Living In The Shadows of Fear

I've been walking in the shadows of fear for three years now and its hard to believe. Ten yearsn ago I gave a speech to an audience of over 1,000 people. Afterward I was asked if I was afraid and I arrogantly replied "Yes but I did it anyway." The woman was astonished and said she couldn't imagine doing something like that. When I worked for the Governor of NYS I flew all over New York teaching about grants. I was usually alone and traveling alone when you're disabled is no picnic but I did it and then I retired and shortly thereafter became severely disabled. For me, being retired sucks. If you don't work you cease to exist, have nothing to discuss, see no one outside of your house. I lost my definition and worse I had no income. I knew that money mattered to me, was important to me but I'd forgotten how defined people are by their incomes. Without one I had no bargaining chip, nothing to negotiate with when talking to the telephone or electric company. In the space of three years I went from someone In a position of authority with a six figure income to someone begging and pleading for help, borrowing twenty dollars from a neighbor to buy groceries and I couldn't handle it.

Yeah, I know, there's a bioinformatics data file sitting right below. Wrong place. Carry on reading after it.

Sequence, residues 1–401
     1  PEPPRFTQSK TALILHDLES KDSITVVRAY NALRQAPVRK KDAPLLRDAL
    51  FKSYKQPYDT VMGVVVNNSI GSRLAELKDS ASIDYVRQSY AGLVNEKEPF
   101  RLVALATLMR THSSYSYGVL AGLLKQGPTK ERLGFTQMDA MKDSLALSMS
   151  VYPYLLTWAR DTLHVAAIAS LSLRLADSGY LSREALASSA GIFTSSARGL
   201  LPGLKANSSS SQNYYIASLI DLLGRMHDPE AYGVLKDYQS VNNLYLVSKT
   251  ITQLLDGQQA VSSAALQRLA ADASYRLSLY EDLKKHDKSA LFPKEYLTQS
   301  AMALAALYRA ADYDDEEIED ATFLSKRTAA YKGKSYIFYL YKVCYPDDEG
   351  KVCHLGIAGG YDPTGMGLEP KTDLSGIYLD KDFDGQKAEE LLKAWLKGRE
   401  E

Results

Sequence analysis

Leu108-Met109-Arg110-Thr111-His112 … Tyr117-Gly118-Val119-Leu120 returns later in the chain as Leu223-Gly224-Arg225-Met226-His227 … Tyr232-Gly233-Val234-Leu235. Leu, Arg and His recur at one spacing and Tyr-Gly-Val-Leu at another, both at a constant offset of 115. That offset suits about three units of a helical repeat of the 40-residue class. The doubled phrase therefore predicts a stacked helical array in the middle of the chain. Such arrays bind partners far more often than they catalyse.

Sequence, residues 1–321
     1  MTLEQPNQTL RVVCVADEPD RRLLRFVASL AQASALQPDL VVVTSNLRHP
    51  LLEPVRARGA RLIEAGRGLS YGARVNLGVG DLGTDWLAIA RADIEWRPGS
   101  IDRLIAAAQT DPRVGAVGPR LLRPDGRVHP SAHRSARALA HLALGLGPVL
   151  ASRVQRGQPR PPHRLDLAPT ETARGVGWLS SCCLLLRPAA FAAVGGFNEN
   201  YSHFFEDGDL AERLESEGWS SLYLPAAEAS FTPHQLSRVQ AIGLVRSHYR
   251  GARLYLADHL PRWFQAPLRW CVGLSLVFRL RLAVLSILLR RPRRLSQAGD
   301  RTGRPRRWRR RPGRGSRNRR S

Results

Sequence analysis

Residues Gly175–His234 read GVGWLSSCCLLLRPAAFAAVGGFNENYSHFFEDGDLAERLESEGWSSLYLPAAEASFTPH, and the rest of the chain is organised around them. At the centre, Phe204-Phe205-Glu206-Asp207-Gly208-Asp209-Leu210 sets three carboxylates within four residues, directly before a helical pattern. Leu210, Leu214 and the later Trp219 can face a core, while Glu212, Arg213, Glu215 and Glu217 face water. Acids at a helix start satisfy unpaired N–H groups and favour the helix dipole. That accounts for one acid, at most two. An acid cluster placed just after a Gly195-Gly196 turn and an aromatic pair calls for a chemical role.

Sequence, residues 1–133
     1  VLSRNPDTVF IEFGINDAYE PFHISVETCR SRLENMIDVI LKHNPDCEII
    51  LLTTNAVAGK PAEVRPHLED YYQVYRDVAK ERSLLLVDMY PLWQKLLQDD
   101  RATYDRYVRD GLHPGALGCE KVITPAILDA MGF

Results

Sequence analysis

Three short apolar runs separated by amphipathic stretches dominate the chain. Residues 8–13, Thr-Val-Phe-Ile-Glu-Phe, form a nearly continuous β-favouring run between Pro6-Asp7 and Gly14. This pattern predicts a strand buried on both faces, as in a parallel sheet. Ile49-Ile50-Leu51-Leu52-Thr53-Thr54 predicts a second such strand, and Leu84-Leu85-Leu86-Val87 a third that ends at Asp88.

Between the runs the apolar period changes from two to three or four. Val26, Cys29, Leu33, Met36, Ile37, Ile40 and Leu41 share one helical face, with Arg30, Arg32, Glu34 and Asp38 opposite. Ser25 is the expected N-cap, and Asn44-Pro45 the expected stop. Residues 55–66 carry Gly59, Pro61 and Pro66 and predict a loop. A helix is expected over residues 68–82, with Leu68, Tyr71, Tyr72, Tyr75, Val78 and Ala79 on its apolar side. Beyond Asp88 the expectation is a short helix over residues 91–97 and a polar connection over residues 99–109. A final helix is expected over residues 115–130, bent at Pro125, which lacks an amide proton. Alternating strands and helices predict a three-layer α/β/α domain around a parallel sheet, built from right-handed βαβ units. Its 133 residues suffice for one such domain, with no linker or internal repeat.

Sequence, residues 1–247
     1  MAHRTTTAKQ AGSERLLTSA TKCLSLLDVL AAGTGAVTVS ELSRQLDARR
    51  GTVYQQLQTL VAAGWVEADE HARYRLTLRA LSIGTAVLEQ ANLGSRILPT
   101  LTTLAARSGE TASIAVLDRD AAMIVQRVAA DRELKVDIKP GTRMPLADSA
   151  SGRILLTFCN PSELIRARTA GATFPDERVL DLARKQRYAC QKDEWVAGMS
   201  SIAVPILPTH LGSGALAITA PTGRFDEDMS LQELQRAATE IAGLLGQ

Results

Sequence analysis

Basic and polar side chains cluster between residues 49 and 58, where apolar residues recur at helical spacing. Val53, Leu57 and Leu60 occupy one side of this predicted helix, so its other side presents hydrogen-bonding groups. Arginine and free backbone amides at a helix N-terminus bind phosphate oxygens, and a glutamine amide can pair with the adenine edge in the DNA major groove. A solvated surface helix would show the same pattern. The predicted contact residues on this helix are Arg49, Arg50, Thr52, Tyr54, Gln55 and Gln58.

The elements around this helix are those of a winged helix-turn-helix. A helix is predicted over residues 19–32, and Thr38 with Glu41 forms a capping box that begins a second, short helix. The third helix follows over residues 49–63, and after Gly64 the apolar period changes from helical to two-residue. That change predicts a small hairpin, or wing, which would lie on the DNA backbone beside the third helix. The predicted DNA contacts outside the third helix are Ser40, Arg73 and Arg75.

At this moment in time I'm cracking up which is a polite way of saying I'm dancing on the head of a pin on the verge of falling off. I rarely leave the house because if I run into anyone I know they'll ask what I'm doing and I don't know what to say. "Well I'm on the verge of a nervous breakdown but thanks to the work of a wonderful therapist I haven't been hospitalized yet. Why is this so damn hard? I've never failed at anything I've tried in my adult life. I've had set backs but hell we've all had set backs. So what is this, this fearfulness of failure? My daughter said that the primary reason most people go to college is to improve their income...period. She's absolutely right. Its certainly the reason I worked a full time night shift at the local psychiatric hospital and went to Vassar College full time days and yes it was hell thank you very much, but I did it anyway. Now to be fair to myself being disabled and in poor health really really sucks. I leave the house with enough equipment to start up a small war and that's not counting my little red scooter. Between my fear of actually needing the equipment and my fear of passing out somewhere without the appropriate medical notes readily available for a stranger to read I'm carrying some serious fear AND my large purple bag full of medical equipment. You can see why I've got issues. Nonetheless I've got to find a way to break out of this. My newest idea is to plan around errands. Since I seem to live at the pharmacy I'm trying to make going there the goal of the day. I figure if I can get over my agoraphobia I can move on to larger goals like reinventing myself and figuring out who "retired Susan" is. Stay tuned. The doctor now says he was wrong about my death time table and I actually have time to figure all this out. Not as much as most people but alot more than I initially thought.